For all of the celebrations around graduation season, it can also be a stressful time for college seniors, as many prepare to enter the workforce for the very first time. While this year’s class will have ample job prospects, many may find a toughrt transition to the working world than others.
According to a new survey from CareerBuilder.ca, 62 per cent of companies plan to hire recent college graduates this year; however, only 1 in 5 employers (19 per cent) believe academic institutions are adequately preparing students for roles needed within their organizations.
Which soft skills to employers need most?
New graduates should emphasize their soft skills in addition to their technical skills when looking for a job. The top skills employers believe recent college graduates lack are the following:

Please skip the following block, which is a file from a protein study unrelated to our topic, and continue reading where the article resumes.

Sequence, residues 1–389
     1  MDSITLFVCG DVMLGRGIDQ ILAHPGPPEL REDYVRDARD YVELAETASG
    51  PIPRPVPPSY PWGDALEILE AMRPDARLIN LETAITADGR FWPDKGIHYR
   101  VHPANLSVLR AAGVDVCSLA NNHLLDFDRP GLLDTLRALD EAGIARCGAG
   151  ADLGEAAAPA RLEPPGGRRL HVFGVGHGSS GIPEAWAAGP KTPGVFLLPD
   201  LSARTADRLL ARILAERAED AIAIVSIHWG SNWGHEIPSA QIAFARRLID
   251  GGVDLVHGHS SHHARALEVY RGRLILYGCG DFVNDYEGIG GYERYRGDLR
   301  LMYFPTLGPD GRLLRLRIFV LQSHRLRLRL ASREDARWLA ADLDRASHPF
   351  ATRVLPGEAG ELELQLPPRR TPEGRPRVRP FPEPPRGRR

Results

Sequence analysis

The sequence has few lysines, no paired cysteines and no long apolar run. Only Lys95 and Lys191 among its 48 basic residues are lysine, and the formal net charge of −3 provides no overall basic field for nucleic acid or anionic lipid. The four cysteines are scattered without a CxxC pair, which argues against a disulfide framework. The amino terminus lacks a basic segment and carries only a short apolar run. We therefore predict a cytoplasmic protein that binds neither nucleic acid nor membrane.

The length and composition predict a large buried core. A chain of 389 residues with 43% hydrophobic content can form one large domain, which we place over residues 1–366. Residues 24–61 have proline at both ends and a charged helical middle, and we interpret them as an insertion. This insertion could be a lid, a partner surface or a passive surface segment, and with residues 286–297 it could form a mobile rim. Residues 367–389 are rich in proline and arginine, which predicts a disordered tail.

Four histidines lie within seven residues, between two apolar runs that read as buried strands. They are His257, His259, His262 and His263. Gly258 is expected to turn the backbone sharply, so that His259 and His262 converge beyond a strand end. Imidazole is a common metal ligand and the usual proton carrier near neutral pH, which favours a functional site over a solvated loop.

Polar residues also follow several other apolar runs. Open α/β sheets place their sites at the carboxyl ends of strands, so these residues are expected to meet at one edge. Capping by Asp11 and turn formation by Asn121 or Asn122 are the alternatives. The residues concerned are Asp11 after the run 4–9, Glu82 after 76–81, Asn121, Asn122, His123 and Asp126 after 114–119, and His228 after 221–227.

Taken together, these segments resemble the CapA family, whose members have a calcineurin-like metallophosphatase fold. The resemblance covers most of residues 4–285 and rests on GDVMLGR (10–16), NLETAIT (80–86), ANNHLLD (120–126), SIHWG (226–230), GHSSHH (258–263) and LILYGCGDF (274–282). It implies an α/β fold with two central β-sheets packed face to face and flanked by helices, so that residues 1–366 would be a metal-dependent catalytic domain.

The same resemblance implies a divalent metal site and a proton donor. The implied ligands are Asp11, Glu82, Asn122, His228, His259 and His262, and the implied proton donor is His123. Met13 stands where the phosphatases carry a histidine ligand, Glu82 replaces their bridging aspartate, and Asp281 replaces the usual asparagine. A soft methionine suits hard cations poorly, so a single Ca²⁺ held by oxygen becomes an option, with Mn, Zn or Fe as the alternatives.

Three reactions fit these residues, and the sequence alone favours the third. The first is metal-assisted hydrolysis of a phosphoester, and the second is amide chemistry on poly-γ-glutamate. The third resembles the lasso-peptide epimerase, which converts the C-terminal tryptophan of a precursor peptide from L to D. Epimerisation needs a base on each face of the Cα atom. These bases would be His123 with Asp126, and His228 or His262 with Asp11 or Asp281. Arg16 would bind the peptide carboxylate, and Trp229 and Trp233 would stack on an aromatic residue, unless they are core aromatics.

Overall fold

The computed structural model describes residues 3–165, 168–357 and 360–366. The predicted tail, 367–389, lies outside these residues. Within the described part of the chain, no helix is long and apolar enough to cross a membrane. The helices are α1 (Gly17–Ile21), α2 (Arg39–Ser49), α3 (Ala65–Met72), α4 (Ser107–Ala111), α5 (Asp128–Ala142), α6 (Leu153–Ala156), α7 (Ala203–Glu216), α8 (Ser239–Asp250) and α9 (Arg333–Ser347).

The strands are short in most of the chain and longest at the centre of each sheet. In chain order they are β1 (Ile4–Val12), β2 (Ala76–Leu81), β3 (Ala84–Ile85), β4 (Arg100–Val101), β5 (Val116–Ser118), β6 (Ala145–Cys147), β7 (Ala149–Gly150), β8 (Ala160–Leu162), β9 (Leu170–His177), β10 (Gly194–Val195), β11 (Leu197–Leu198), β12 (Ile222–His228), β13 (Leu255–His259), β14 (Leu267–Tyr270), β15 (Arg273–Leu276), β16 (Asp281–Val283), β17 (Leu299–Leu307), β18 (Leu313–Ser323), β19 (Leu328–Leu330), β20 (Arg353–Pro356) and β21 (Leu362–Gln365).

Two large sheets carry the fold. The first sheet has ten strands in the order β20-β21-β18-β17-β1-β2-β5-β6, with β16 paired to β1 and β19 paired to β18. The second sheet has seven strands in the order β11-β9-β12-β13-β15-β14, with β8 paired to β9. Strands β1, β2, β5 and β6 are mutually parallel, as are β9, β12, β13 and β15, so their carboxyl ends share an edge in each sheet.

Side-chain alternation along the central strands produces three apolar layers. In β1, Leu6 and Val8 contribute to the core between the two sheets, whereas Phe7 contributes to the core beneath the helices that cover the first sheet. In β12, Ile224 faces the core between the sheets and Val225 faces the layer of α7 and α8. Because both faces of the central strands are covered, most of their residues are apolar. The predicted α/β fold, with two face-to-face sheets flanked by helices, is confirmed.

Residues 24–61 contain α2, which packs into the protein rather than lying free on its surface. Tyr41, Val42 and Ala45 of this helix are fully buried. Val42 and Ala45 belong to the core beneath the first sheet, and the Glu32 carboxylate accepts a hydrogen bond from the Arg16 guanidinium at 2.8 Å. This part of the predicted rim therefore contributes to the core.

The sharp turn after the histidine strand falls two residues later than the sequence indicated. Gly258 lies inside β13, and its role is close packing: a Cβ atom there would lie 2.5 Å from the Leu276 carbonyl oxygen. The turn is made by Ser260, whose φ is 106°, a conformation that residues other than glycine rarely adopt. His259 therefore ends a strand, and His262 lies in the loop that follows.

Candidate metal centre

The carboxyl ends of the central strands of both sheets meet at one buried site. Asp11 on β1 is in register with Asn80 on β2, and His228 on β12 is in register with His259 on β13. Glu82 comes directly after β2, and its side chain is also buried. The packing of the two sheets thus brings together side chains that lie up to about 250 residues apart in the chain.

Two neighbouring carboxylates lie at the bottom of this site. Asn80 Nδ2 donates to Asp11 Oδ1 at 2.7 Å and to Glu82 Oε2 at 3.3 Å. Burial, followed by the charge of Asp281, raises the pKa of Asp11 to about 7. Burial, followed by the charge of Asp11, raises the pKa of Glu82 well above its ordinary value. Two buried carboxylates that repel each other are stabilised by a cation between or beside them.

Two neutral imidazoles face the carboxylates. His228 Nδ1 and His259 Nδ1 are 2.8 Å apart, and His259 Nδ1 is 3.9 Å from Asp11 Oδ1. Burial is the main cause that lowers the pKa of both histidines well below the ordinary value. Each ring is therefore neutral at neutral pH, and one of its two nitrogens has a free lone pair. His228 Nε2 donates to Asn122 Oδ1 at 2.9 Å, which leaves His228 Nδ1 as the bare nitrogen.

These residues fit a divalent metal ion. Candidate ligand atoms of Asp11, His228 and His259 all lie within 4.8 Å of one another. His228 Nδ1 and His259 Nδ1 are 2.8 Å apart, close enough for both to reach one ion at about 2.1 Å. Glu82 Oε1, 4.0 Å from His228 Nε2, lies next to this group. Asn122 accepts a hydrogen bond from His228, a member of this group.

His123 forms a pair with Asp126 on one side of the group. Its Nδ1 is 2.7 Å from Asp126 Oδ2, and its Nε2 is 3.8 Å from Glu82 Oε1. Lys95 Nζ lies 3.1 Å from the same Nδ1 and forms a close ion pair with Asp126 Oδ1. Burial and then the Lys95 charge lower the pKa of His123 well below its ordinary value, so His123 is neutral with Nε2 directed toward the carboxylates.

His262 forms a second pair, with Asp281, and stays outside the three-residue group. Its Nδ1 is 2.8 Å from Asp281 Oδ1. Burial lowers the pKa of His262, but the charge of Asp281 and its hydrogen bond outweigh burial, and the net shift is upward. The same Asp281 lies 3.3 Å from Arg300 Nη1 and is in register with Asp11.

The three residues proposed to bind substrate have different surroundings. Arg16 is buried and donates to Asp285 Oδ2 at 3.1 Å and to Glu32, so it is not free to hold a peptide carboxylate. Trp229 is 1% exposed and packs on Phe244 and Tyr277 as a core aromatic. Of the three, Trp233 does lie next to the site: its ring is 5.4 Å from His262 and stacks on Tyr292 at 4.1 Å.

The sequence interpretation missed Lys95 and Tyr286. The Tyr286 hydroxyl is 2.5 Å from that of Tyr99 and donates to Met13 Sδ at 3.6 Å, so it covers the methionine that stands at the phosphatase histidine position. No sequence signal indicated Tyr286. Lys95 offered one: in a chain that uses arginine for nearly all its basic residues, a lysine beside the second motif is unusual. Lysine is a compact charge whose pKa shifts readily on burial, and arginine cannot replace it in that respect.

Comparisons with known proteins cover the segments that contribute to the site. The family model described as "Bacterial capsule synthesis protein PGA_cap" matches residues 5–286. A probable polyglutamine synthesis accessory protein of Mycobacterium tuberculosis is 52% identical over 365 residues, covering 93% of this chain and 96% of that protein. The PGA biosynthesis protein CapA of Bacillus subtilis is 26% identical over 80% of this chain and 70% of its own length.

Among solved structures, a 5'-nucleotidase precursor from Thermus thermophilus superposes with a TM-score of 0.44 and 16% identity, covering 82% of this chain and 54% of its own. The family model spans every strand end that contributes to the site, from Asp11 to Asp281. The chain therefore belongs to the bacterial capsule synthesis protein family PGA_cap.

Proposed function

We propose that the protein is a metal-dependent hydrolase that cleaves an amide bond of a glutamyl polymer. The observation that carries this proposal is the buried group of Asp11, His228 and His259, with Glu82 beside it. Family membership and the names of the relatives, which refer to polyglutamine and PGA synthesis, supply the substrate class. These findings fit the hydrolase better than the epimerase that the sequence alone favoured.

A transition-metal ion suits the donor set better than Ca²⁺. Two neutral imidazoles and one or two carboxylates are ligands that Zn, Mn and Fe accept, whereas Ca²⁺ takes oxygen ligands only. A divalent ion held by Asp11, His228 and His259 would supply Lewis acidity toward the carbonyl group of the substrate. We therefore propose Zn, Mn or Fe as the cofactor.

- Interpersonal or people skills: 51 per cent
- Problem-solving skills: 45 per cent
- Teamwork: 41 per cent
- Oral communication: 40 per cent
- Creative thinking: 38 per cent
Which degrees are most in demand?
When it comes to which degrees will lead to the most job prospects, business degrees top the list, with 31 per cent of employers naming it the most in-demand degree at their firms. Computer and information sciences degrees are also in high demand (20 per cent), followed by health professions and related clinical sciences (12 per cent) and engineering (12 per cent).
Where are the opportunities?
Customer service (33 per cent) and information technology jobs (30 percent) top the list of position types employers are primarily looking toward new graduates to fill. Opportunities also abound in finance/accounting (24 per cent) and business development (23 per cent). Sales, marketing and public relations (17 per cent each) round out the top five job types.
What will these jobs pay?
When it comes to compensation, this year’s graduates will have better prospects than last year. More than one third of employers (35 per cent) who plan to hire recent college graduates will offer higher starting salaries than they did last year. Nearly half of employers (47 per cent) will offer starting salaries of $40,000 or higher, and the majority (68 per cent) are willing to negotiate starting salaries.
Want to know more? Get the full survey results here.